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Reducing Drug Overdose Death in New Mexico

Posted By Michael Landen, Friday, February 20, 2015
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New Mexico has led the nation in drug overdose deaths for most years over the past two decades. However, in 2011 NM dropped from this position to number two and in 2012 to number three because of a 16% decrease in drug overdose death from 2011 to 2013. This decrease has been largely due to a decrease in prescription drug overdose death that has followed a decrease in the amount of opioids prescribed in NM. Despite this improvement NM’s drug overdose death rate remains substantially higher than the U.S. rate.

In 2011 state legislation created a governor’s advisory council on drug overdose prevention and pain management, which formalized a process for bringing stakeholders together. This legislation also required that each of the seven healthcare provider entities that license providers who can prescribe controlled substances promulgate new regulations for treating chronic pain and providing mandatory continuing education on chronic pain. As a result, all licensing entities require registration and use of the prescription monitoring program. The Board of Pharmacy and the Department of Health routinely analyze prescription opioid and benzodiazepine prescribing data and provide reports to the licensing entities on outliers. The Council also recommended removing the preauthorization requirement around Medicaid suboxone prescribing, and this was removed.

Additionally, NM has built on the highly successful syringe exchange based naloxone program by adding co-prescription pilots in several communities where naloxone is provided along with chronic opioid prescriptions. NM also allows pharmacists to prescribe naloxone and has been working with pharmacies to stock naloxone so that it is available around the state. Medicaid also reimburses for naloxone and the accompanying education.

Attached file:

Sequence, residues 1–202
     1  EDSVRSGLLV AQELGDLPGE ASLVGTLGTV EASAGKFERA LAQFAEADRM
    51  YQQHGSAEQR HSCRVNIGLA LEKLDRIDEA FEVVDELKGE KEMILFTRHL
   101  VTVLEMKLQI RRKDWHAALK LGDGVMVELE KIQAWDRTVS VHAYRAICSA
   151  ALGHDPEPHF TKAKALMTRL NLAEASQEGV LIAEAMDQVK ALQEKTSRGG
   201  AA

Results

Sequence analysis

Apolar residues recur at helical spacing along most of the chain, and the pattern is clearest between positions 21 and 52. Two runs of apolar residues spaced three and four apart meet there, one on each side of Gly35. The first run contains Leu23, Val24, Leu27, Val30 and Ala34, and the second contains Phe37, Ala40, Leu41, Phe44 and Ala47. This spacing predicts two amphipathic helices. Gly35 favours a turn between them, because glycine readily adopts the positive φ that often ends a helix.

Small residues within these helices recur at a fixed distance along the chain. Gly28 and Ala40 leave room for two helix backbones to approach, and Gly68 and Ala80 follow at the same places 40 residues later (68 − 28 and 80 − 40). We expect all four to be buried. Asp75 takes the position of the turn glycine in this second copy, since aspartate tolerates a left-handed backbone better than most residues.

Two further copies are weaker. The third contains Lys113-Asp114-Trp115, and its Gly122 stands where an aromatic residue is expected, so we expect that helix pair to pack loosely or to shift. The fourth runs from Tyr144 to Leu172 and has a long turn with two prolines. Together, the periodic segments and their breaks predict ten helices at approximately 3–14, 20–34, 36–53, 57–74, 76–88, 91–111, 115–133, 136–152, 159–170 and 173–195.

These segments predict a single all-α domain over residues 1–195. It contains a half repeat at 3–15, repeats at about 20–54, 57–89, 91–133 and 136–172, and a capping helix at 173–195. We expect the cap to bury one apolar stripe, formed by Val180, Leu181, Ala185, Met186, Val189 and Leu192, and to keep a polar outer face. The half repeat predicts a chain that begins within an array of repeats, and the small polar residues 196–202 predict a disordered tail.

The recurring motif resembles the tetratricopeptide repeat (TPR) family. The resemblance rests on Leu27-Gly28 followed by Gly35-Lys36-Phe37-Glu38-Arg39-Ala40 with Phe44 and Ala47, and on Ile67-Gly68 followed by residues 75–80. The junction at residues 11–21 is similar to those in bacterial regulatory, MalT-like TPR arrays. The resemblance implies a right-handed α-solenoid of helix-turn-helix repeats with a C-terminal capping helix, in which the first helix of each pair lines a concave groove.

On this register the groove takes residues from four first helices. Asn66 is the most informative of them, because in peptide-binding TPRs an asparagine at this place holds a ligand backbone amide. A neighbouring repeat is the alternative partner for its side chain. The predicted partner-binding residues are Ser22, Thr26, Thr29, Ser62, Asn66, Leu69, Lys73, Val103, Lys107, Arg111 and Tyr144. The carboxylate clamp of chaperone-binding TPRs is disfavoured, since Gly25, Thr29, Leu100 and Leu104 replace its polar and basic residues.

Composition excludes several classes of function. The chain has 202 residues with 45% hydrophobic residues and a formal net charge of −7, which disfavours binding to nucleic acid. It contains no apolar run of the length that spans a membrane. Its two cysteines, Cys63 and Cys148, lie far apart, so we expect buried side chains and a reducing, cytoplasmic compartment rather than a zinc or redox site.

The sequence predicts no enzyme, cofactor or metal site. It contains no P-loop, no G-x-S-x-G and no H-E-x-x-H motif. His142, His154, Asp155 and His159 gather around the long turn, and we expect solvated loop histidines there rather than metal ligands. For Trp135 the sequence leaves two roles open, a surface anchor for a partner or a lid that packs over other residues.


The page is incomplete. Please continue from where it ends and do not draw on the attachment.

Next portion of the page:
NMDOH has three substance abuse epidemiologists who are critical to the drug overdose prevention effort in NM. They collaborate with the Office of the Medical Investigator and the Board of Pharmacy to track drug overdose deaths and prescribing patterns. These data are disseminated both locally and statewide. Particularly useful are presentations of county-level overdose death and prescribing patterns that have been provided to community groups and local provider organizations. They have also led the process for tracking naloxone distribution to assure it is available in areas with the highest drug overdose death rates.

Despite being one of two states with all 10 prescription drug overdose prevention policies in place tracked by the Trust for America’s Health, NM has a long way to go to adequately address the drug overdose epidemic. The prescription drug monitoring program needs to move closer to real-time prescribing data – currently it requires data from pharmacies within seven days. Licensing entities need to better enforce their own rules on prescription monitoring program use. And naloxone needs to be far more widely available like most prescription drugs are. In the 1990s heroin was driving the NM epidemic, and more recently prescription opioids have been. This means that many of our original naloxone programs, originally directed at heroin users, now accommodate persons at high risk because of prescription opioid use. While many states have seen heroin overdose death rates increase in recent years, New Mexico hasn’t witnessed the same trend. However, one possible explanation for NM’s relatively stable heroin overdose death rate is that New Mexico already had a high prevalence of heroin drug overdose death.

The drug overdose epidemic is different in each state. Having an adequate epidemiologic infrastructure to track the epidemic in each state is critical. The CSTE Overdose Subcommittee has done critical work in developing practical approaches that can be employed in states, taking into account state-specific differences. Fellow CSTE members provide good approaches to state-specific surveillance that is the foundation for reducing inappropriate prescribing and drug overdose.

Michael Landen, MD, MPH is co-chair of the Substance Abuse Subcommittee. NM’s substance abuse epidemiology section includes Laura Tomedi, PhD, MPH, the chair of the Alcohol Subcommittee, and Jim Davis, MS a member of the Overdose Subcommittee, and Luigi Garcia-Saavedra, MPH. To find out more about substance abuse, visit the subcommittee pages and read CSTE’s 2008 State-Level Substance Abuse Epidemiology Capacity position statement. A unique, new fellowship opportunity is now available for substance abuse or mental health fellowships: Applied Epidemiology Fellowship applications will be open soon.

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